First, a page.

The images look identical but on a pixel level, the Tamron outdoes the Kenko teleconverter. So the winner is the Tamron 1.4x teleconverter.
Kenko vs Tamron Teleconverter Which One to Choose?
In terms of performance, the Kenko DGX 1.4x teleconverter is on equal grounds with the Tamron 1.4x. This is just one of Tamron’s teleconverter collections and is the lowest rated.
Tamron has other 1.4x teleconverters and even 2.0x teleconverters that can perform way better and leave the Kenko teleconverter in the dust.
Also, note, that Kenko is not a proper optical manufacturer. Rather they are independent contractors.
Tamron on the other hand is a well-established company that fights with the big fish of optical manufacturing such as Sony, Nikon and Canon.
It is safe to say that Tamron teleconverters will be of more worth and will prove to be more reliable and durable. So the final verdict goes towards the Tamron Teleconverters.
A lot of the users have complained about the Kenko DGX 1.4x teleconverter’s connectivity issue with Tamron Lenses.
A user on DPReview stated that they have seen poor signal integrity when using the teleconverter on a Nikon D500 with a Tamron 70-200mm G2 lens. Another user said that they did not get info directly on camera with Nikkor lenses but EXIF data recording was not a problem.
On the other hand, the Tamron 1.4x teleconverters received mixed feedback from users slightly skewering towards its favour. Most users were satisfied and the teleconverter’s performance exceeded their expectations.
A user reviewing it said they loved this teleconverter as it doesn’t diminish picture quality to a noticeable extent. The same user suggested that it requires more light on high focal lengths and it slows the autofocus down a bit.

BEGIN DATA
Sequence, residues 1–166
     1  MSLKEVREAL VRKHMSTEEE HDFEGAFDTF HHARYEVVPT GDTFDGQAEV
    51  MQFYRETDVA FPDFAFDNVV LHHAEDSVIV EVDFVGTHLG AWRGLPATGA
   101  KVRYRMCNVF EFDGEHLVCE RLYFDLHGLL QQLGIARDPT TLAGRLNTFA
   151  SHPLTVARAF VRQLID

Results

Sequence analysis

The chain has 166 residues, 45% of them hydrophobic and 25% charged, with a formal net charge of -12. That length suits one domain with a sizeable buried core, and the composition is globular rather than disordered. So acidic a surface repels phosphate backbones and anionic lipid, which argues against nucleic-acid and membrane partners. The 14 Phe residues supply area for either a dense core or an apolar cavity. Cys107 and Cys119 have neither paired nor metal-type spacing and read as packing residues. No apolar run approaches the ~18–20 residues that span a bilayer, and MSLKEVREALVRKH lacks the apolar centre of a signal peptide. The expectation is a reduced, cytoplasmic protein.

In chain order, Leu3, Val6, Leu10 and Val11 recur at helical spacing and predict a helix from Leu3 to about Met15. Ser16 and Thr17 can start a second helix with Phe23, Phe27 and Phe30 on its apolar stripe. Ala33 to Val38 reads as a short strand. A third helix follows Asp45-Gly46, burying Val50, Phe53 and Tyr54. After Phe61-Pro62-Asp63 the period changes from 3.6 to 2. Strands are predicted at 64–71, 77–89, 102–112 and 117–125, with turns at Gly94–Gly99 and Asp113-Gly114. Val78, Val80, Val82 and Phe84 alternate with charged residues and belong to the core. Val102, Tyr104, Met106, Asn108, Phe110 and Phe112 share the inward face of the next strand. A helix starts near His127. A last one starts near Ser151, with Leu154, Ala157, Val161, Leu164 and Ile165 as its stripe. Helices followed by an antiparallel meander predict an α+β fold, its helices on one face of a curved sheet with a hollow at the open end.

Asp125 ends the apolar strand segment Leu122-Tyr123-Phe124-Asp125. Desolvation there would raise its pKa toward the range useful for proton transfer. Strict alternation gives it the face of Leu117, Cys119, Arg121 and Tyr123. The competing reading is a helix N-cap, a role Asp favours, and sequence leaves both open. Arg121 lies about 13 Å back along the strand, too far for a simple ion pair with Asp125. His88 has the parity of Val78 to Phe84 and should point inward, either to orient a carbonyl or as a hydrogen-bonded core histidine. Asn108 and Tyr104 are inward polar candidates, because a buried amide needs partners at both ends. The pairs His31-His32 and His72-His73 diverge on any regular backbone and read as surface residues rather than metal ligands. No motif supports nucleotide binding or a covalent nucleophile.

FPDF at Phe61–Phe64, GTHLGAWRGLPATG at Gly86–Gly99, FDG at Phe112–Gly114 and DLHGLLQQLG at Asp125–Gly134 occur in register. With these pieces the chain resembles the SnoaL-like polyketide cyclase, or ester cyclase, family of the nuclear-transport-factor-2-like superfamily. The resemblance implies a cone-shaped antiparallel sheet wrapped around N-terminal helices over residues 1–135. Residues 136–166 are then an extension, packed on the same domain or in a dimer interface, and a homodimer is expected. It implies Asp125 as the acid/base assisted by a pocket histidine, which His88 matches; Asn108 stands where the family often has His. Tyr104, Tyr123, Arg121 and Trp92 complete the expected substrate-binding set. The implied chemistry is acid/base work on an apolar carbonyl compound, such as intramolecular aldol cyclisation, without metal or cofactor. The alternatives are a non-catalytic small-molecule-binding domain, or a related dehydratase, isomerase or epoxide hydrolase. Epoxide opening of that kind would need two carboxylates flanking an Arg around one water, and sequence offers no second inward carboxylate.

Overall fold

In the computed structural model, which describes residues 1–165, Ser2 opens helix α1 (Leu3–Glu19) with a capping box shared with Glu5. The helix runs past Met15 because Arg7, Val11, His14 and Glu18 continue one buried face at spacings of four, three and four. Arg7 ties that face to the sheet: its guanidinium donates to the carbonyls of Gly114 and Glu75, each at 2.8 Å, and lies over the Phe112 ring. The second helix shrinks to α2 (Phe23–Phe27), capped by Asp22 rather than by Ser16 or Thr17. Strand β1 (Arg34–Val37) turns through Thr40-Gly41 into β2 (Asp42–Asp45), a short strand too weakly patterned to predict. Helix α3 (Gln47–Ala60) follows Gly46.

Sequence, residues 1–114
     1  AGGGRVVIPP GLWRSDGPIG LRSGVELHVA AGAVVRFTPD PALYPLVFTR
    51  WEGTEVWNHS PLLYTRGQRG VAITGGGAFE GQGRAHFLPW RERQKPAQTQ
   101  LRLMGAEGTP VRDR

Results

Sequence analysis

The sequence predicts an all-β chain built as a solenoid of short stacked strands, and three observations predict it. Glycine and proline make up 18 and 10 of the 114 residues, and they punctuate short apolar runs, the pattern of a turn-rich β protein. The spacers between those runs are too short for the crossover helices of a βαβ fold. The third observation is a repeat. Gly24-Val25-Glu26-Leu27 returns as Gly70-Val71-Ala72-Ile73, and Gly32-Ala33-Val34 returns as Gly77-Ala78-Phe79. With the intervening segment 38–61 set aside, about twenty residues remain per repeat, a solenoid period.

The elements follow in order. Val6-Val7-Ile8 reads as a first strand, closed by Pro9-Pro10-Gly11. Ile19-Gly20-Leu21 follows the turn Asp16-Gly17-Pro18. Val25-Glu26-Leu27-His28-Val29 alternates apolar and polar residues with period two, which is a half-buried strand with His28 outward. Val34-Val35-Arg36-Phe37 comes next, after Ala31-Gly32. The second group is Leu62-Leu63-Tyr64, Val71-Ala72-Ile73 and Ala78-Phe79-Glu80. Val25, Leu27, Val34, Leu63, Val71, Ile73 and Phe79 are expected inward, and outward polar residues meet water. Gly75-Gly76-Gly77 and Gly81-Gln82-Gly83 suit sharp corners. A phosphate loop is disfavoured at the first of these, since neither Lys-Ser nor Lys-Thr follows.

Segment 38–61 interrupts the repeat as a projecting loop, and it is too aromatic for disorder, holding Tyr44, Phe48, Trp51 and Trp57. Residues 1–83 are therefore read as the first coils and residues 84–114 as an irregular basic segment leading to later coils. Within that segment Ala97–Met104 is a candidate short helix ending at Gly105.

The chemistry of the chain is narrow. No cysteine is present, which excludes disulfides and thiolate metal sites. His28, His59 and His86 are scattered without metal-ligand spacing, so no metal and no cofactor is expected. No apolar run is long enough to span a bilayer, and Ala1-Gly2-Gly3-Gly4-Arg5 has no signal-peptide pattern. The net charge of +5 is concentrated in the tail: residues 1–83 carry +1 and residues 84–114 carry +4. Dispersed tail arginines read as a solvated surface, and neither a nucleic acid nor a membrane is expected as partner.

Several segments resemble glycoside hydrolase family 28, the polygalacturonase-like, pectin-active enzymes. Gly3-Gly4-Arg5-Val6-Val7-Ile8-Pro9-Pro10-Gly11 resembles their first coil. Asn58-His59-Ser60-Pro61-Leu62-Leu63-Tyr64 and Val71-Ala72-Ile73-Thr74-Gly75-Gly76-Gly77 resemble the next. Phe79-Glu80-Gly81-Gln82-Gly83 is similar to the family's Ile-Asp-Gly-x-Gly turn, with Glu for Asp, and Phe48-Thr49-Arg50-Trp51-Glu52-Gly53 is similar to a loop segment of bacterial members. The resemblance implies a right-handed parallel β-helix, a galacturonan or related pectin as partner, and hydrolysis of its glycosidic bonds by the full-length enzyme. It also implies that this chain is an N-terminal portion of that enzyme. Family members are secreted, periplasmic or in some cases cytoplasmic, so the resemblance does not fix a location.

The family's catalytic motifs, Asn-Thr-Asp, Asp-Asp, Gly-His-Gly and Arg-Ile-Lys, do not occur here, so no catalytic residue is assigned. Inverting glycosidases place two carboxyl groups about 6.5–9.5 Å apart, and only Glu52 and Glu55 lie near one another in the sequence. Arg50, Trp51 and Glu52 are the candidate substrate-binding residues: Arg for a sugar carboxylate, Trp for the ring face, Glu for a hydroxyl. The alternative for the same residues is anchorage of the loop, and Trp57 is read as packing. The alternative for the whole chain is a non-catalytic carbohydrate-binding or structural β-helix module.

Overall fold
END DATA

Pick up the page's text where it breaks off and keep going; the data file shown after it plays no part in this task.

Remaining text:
Even though they showed some bad qualities the good ones outweighed the bad ones for most users.
Frequently Asked Questions (FAQs)
Do teleconverters reduce image quality?
Yes, they reduce image quality to an extent.
Teleconverters magnify the image which also affects aberrations in the original lens. It also affects the sharpness and contrast in an image because of the spread of the frame from the teleconverter. Ghosting and flare are also big issues users have complained about.
Do teleconverters work with zoom lenses?
Wide-angle prime and zoom lenses with short focal ranges are not compatible with teleconverters.
Teleconverters are used to increase the reach of a lens. To get that extra reach in wildlife photography with a super telephoto lens or to get magnification in portraits or landscapes using a normal prime lens is where teleconverters are mostly used.
Do teleconverters affect bokeh?
No. They should have minimal effect on bokeh qualities.
They only magnify the image. So, a bokeh won’t be affected by using a teleconverter so long as the in-focus part of the image is taken properly
In short, the Kenko DGX 1.4x compared with the worst teleconverter from Tamron yielded identical results. The other Tamron teleconverters are of much better value and will leave the Kenko DGX 1.4x in the dust.
So, it would be a wise decision to stay away from the Kenko teleconverters and invest in something from Tamron that can perform much better than it. The Tamron teleconverters such as the Tamron SP 1.4x AF will produce much better images with much more detail.